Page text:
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Noble v Greenberg Traurig and Wells Fargo

Investors recover $80 million in investment losses in real estate investment fraud abetted by defendant’s lawyers and Wells Fargo.

For many years, a group of investment managers urged consumers to invest in real estate partnerships, including RE Loans, that they represented were fully secured with a guaranteed high rate of return and full liquidity – the interests could be cashed in at any time. In 2007, the principals of RE Loans were advised that they had violated federal and state securities laws, and that the violations precluded them from raising any additional investor funds. This put RE Loans into a severe cash crisis and exposed the principals to ruinous liability.

RE Loans turned to law firm Greenberg Traurig for help. What ensued was a plan to convert the investors’ secured ownership interests into much riskier promissory notes. To keep RE Loans afloat, they also (1) negotiated with Wells Fargo for a line of credit that was superior to the security interests of the investors, and (2) set up a new real estate company, Mortgage Fund 2008 (“MF08,” to attract additional investors. Unbeknownst to those investors, and contrary to what they were told, MF 08 did not invest in new real estate loans but instead funneled the investors’ money to RE Loans. Unfortunately, even those efforts were not enough to enable RE Loans to survive, and the company went bankrupt. The investors lost everything – $700 million – and due to their bankruptcies, none of the principals had any assets to satisfy their claims.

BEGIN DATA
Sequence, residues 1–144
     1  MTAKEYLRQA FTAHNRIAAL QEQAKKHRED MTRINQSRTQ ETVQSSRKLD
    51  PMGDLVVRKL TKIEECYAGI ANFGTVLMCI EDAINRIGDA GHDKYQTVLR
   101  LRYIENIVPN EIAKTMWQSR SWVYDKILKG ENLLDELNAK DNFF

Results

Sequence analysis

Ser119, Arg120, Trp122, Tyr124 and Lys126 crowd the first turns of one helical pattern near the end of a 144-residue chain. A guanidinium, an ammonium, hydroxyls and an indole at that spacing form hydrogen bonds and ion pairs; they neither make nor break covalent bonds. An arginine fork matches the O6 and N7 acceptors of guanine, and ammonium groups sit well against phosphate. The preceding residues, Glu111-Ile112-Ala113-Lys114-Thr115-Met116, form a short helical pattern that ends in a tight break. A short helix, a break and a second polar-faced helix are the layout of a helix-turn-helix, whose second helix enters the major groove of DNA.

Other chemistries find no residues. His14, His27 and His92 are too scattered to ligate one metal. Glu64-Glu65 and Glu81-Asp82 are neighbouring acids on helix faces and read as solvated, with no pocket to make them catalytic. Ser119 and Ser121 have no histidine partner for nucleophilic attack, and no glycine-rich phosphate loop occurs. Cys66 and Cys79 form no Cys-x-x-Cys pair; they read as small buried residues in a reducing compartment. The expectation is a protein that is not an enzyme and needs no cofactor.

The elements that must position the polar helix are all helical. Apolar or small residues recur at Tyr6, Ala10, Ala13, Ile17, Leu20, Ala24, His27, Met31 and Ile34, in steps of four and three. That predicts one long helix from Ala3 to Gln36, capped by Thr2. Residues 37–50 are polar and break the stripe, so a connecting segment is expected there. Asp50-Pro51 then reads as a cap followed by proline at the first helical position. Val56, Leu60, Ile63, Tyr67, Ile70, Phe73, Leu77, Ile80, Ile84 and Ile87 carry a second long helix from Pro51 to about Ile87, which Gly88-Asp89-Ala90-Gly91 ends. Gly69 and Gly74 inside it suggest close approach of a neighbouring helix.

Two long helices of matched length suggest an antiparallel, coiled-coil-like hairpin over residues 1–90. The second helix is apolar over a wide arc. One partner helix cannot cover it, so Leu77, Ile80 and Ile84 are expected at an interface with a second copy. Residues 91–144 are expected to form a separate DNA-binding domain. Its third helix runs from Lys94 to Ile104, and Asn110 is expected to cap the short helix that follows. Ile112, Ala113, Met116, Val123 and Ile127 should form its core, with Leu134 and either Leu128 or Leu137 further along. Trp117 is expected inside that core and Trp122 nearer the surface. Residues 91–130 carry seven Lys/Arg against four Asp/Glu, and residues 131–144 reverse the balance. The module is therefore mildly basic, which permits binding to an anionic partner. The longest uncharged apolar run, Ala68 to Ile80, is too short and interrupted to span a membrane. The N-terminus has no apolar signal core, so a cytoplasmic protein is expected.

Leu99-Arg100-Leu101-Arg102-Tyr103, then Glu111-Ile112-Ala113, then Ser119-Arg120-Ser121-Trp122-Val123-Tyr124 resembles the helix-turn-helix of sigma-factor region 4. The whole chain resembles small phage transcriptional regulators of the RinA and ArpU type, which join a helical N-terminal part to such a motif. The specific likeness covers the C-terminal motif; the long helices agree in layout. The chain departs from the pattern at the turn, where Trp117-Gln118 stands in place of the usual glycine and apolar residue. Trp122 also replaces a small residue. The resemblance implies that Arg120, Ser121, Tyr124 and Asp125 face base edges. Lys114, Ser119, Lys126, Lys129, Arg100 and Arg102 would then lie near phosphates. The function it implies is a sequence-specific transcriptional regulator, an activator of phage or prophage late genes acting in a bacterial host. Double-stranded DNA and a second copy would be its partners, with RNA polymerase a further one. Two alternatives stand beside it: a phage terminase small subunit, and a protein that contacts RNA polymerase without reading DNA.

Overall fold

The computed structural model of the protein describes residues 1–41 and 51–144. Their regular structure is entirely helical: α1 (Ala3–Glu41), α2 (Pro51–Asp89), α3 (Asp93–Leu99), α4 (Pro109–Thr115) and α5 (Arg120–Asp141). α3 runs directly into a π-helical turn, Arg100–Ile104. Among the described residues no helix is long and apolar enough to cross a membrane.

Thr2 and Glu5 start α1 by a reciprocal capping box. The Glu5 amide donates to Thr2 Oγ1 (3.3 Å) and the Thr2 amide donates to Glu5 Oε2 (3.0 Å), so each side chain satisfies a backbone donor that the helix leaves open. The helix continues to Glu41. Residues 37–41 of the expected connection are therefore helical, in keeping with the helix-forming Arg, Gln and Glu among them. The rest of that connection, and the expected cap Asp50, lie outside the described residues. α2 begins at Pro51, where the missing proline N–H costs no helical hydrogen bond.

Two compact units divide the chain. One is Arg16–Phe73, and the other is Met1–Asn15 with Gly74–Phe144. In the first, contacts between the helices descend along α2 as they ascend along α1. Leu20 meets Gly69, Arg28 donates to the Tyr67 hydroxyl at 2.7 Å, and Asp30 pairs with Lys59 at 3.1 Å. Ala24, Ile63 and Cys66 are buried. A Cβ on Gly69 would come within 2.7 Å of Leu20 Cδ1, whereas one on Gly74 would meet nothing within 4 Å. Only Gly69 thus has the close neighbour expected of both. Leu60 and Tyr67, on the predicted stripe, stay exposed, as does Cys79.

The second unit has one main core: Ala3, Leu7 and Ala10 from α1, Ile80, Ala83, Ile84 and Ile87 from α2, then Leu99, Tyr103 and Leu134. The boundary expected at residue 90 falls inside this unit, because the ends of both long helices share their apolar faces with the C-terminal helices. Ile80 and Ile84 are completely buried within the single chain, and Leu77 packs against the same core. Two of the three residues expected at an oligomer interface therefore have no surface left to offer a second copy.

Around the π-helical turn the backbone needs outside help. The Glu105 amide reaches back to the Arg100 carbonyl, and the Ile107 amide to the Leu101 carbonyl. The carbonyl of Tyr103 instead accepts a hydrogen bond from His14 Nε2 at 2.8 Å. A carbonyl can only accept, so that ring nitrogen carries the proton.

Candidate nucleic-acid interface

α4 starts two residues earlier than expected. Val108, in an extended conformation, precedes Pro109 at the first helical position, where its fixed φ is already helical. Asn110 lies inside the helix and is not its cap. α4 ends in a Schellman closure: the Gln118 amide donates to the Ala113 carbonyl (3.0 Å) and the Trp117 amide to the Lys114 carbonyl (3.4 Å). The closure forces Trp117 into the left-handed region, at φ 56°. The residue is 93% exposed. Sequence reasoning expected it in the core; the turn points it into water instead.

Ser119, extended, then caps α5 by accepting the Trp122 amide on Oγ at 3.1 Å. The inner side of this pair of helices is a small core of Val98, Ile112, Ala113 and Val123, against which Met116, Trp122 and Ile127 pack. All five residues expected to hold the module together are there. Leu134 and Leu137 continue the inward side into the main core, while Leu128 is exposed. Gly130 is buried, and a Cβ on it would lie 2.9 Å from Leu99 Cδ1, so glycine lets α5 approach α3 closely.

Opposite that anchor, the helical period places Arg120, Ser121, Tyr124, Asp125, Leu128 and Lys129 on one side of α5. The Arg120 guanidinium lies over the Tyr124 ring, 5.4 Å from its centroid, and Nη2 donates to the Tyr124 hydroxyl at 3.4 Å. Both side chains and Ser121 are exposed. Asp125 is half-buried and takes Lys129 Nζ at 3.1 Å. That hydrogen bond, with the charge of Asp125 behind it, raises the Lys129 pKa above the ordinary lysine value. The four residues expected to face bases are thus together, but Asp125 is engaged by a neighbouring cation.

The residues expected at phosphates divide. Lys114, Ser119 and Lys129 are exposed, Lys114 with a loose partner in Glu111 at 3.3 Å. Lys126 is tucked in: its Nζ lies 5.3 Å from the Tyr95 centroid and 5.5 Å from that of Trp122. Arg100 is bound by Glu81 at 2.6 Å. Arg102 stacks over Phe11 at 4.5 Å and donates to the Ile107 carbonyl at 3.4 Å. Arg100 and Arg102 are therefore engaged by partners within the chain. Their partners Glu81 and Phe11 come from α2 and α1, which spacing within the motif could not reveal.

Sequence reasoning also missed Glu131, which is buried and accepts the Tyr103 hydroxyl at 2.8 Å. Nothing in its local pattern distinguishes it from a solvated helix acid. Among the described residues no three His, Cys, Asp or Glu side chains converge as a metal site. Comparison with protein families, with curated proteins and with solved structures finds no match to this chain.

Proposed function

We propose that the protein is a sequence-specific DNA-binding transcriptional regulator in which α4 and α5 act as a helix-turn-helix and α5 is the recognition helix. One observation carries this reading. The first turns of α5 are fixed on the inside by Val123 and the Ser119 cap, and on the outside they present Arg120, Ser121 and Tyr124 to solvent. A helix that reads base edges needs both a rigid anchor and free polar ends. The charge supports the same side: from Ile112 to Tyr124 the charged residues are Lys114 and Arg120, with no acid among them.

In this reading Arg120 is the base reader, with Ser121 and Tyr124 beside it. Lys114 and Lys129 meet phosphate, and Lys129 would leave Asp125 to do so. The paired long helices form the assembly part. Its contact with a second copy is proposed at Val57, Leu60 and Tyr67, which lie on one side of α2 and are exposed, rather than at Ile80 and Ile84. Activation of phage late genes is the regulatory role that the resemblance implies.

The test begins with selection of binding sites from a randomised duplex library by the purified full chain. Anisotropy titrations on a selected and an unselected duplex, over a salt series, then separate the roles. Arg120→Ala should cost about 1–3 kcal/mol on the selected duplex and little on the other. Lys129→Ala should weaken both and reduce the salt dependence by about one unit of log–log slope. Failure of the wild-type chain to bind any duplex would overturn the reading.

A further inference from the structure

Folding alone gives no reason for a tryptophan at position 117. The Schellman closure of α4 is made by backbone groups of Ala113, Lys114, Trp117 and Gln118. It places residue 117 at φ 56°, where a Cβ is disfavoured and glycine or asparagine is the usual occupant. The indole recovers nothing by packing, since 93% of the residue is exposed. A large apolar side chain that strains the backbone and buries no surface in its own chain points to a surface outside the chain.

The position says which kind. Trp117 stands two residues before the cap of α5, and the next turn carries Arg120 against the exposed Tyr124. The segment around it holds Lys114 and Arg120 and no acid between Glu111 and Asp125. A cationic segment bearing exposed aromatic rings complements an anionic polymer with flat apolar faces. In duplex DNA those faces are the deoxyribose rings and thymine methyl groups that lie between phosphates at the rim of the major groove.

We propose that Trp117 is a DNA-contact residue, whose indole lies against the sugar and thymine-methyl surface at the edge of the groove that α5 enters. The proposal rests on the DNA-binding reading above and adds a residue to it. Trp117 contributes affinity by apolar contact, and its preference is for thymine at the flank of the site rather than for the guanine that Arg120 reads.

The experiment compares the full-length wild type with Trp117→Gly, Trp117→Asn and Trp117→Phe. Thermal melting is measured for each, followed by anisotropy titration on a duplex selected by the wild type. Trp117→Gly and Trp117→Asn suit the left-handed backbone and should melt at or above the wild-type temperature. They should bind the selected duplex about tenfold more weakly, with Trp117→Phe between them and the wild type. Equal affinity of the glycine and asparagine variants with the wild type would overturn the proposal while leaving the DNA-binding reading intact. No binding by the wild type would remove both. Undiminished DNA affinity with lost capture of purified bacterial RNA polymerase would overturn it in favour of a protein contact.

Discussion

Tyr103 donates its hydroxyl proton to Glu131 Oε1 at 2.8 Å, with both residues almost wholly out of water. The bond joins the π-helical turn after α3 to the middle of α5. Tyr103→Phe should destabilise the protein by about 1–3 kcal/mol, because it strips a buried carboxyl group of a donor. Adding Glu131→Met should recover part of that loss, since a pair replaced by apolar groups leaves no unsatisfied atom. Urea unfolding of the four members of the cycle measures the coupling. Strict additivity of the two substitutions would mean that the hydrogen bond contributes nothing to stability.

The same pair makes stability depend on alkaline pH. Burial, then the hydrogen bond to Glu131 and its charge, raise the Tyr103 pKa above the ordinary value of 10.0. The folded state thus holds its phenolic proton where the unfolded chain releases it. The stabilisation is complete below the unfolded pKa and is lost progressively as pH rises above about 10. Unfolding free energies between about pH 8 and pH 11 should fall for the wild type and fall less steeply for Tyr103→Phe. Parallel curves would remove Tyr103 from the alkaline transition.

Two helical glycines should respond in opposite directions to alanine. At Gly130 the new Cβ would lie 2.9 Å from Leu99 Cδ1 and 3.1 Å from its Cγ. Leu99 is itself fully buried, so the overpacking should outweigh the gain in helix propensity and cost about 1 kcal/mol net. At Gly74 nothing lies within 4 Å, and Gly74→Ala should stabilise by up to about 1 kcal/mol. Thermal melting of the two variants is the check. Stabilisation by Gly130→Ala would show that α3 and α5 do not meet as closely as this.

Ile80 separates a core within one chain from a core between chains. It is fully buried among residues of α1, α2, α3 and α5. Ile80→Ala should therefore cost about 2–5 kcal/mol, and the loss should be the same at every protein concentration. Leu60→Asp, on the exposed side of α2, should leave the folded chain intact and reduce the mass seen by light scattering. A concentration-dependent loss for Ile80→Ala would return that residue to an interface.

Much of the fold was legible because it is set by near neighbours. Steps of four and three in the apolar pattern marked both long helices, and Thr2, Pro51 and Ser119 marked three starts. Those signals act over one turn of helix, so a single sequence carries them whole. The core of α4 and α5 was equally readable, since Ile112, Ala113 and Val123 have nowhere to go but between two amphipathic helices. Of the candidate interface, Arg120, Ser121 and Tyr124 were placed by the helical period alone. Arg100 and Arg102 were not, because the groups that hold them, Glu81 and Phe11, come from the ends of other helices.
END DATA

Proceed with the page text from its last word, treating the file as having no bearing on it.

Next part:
After years of hard-fought litigation, Chavez & Gertler and co-counsel, including Bonnett, Fairbourn, Friedman & Balint, negotiated a settlement in which Greenberg Traurig agreed to pay $70 million, and Wells Fargo agreed to pay $10 million, to settle the investors’ claims. The settlement checks were mailed in April 2016, and a supplemental distribution was made in October, 2016. As stated in Plaintiffs’ motion for approval of the settlement, “an $80 settlement fund extracted from a law firm and bank that were secondary actors in the alleged fraudulent scheme, achieved in the face of daunting defenses, is an extraordinarily favorable result.”